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Noise levels in my workshop
It seems appropriate to open the Power section with a word on safety, in this case hearing safety. I suffer from Tinnitus, and this is a result of decades of ignoring my hearing and workshop dangers. Fortunately, my Tinnitus is not too bad, and I have learned to dissociate from it. However, I would rather not have it. Take caution about the dangers of machine noise!!
A European Union directive on noise, issued in 2015, requires companies across the Continent to provide hearing protection for workplaces with a noise level higher than 80 dB. From 85 dB on, employees are required to wear hearing protection.
measured several of the machines in my workshop. This was inspired by
the recently completed installation of a new table saw and new hoses
to the existing dust collector. Perhaps you can use this thread as a
database/baseline for your machines and power tools to guide your own
Noise levels were measured using an iPhone app, SPLnFFT. The measured ambient noise in my workshop was 40dB and my speech level 52-54dB. Listening to my favourite Internet jazz station (Jazz 24) via the workshop stereo produced as similar 52dB. Noise levels were recorded within 1m of the running machine.
planing was a higher-than-expected 68dB.
The three main large machines I have:
* Hammer A3-31 Jointer-Thicknesser (silent head): 76dB …...This is tolerable for conversation
* Hammer N4400 Bandsaw: 78dB …...This is borderline – frankly, just too loud.
* Hammer K3 Tablesaw (12" blade combo blade by Stark): 93dB …... crazy loud!
Nova Voyager drill press (above): 44dB at 500 rpm; 48dB at 1000 rpm; 63dB at 2000 rpm.
The Nova Saturn lathe (below): 50dB at 500 rpm; 56dB at 1250 rpm; 63dB at 2500 rpm; 66dB at 5000 rpm.
the Nova machines are comfortable without hearing protection.
The Festool CT26E vacuum cleaner produced 75dB with the 27mm hose connected. Too loud for me.
Carbatec 2HP dust collector. This is fitted with a 1micron cannister filter via an Oneida Super Dust Deputy cyclone. Originally, this machine was connected by 4" hoses, and the noise level was subjectively LOUD (I did not measure it, but I would guesstimate around 95dB).
Changing to 5" hose appears to have dropped the level. Previously I could not switch it on without hearing protection (if one must, but I do not recommend). Now it was possible to talk over the machine! With 5" hoses, the DC measured 77dB.
I wonder if 6" hoses would lower the sound levels even more? Currently 5" is the largest I can go to without modifying the ports of the machines. I plan to upgrade all the hoses to rigid PVC when I eventually get a more powerful machine with a larger impellor.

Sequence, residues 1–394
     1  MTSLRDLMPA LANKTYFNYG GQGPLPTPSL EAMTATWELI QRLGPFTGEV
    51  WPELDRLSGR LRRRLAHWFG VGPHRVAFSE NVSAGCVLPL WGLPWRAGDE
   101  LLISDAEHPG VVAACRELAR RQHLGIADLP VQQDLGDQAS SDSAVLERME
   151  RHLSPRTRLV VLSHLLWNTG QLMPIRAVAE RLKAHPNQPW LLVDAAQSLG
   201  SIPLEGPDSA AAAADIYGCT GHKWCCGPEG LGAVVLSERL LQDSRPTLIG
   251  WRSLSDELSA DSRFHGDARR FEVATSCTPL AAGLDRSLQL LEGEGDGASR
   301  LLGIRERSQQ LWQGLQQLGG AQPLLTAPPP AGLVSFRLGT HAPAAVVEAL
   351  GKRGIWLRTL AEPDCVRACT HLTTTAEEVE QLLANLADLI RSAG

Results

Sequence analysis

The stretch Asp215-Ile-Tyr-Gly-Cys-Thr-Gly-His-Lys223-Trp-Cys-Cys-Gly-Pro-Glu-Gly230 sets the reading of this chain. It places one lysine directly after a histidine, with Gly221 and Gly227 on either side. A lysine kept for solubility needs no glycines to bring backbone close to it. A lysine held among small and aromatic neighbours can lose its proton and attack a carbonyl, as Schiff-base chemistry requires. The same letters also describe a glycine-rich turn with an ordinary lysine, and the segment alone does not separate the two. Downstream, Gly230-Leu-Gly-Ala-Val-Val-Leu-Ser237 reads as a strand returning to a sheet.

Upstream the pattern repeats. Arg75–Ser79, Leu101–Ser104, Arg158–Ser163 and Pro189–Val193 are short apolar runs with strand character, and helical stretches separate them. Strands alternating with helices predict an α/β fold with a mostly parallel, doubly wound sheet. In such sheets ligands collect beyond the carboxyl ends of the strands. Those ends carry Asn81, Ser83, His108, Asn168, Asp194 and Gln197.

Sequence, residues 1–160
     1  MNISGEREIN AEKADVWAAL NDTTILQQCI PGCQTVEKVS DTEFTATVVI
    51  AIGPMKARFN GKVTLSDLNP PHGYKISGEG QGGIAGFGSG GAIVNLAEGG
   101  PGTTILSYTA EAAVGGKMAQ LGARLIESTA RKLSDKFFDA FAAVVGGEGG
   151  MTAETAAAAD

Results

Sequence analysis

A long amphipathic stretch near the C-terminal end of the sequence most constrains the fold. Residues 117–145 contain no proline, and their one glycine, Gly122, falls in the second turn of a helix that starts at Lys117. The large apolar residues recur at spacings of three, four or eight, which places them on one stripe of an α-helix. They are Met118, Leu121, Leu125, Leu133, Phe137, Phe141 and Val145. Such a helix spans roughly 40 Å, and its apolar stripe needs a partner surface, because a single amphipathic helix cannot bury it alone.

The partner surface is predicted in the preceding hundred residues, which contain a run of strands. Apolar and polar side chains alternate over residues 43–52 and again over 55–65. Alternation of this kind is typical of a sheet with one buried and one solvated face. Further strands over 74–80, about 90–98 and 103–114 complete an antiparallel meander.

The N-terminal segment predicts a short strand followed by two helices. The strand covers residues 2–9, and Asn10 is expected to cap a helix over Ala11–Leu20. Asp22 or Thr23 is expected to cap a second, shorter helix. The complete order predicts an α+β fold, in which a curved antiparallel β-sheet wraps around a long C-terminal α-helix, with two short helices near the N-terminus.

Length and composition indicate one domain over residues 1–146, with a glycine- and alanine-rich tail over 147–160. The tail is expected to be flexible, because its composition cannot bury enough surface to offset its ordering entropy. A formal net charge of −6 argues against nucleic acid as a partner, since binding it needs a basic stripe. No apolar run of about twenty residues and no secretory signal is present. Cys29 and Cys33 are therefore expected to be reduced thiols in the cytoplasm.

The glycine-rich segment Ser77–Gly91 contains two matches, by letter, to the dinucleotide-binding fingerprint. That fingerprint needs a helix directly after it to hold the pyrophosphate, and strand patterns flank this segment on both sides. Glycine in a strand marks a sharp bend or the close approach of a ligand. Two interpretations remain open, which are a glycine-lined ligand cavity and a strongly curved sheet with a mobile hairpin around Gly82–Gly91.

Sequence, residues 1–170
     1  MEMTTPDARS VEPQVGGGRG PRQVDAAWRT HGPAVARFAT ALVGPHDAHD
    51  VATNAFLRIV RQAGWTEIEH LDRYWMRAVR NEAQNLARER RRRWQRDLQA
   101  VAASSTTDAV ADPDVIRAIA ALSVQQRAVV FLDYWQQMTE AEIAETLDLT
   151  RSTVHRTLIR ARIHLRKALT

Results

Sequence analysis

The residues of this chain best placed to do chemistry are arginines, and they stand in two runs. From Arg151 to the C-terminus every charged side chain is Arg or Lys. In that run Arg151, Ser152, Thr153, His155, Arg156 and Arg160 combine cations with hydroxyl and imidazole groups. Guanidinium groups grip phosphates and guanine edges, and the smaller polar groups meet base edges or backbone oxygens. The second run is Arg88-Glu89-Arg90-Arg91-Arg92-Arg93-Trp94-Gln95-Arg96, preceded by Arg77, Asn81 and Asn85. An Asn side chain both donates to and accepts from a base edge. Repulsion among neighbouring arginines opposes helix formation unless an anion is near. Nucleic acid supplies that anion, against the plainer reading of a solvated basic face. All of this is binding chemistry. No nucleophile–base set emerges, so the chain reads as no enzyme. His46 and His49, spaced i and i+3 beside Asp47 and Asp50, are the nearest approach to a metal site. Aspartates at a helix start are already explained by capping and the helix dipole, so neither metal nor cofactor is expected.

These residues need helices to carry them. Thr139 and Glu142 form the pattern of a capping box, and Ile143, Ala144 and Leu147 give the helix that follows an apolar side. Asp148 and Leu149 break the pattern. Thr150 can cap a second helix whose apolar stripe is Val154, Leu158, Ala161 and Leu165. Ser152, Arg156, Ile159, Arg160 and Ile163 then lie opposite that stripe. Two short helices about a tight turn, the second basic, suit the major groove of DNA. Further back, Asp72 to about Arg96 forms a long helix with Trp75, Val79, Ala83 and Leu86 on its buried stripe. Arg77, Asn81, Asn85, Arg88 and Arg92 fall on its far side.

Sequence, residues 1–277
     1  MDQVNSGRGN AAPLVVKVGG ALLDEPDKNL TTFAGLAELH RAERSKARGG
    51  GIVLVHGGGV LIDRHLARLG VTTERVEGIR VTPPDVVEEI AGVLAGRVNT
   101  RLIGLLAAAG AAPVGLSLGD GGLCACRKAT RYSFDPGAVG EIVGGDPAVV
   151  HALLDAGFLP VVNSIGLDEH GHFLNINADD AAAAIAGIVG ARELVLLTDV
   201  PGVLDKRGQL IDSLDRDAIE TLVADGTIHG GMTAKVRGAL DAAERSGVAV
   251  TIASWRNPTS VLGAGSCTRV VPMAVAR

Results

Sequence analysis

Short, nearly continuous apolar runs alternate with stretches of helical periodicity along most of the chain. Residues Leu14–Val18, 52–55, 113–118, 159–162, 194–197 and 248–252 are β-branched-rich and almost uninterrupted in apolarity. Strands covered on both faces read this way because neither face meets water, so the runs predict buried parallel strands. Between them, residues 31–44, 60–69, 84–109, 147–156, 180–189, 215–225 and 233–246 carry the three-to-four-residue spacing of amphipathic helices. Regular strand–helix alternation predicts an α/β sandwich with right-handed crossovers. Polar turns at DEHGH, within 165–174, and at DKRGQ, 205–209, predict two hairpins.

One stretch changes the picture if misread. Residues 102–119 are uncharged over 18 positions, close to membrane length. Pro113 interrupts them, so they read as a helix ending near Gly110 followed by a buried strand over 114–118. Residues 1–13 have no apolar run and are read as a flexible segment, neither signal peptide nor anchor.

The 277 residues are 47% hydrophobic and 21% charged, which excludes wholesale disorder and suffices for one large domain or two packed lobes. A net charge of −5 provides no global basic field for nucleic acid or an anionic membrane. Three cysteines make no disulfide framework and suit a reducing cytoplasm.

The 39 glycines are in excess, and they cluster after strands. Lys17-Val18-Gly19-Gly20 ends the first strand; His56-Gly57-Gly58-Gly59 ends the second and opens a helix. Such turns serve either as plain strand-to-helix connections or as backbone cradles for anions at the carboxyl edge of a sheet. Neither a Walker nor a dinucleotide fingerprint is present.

My current dust control is supplemented with a 1/3 h.p. HAFCO overhead air cleaner, (and by opening the garage doors and blowing out the dust).
At the lowest speed, the sound level is 59dB, which makes an audible hum. The second speed is quite noticeable at 62dB, and the highest speed produces 64dB, which is intrusive. I tend to run this at the highest (noisiest) level at the end of a day, using a 4-hour timer. This does a decent job of scrubbing the air. It is just too noisy to have on generally, even with machines masking this, since the machines may not remain on very long.
The Carbatec 8" half-speed bench grinder (on the right) with 2 CBN wheels measured 67dB. This is reasonably comfortable without hearing protection.
The Rikon on the left, now set up with buffing wheels on both sides, produced 63dB. Comfortable.
The Carbatec 9x6" ¾ h.p. disk/belt sander combo measured 77 dB. I prefer to use my ear muffs here.
Elu 177e based router table 85dB with the router in the table …
… and 88dB when it was handheld (the big ‘un on the left) ...
This is comparable with the Mirka Ceros ROS, also 85dB …
Circular saws, like routers, are hideously noisy. This 7 ¼” 1300w (1 ¾ h.p.) NRG saw produces 97dB – the loudest tool in the workshop!
One needs to also factor in that the handheld power tools are used in conjunction with a vacuum cleaner, which adds its own noise.
My preferred earmuffs are the 3M Peltor, which lower the sound levels by 30dB. I have a couple of pairs at each end of the workshop.
Elipse dust mask and 3M Peltor
I also have a pair of Sensgard ZEMs. These are effective, but not as comfortable. On the other hand, they fold up and are the ones I will take to wood shows or other settings, where I need to demonstrate tool use and am situated near loud machines.
I tend to argue against the use of hearing protection which includes music or phone connection. The last thing we need when using machines is to be distracted from the task at hand … otherwise you might lose it.
Regards from Perth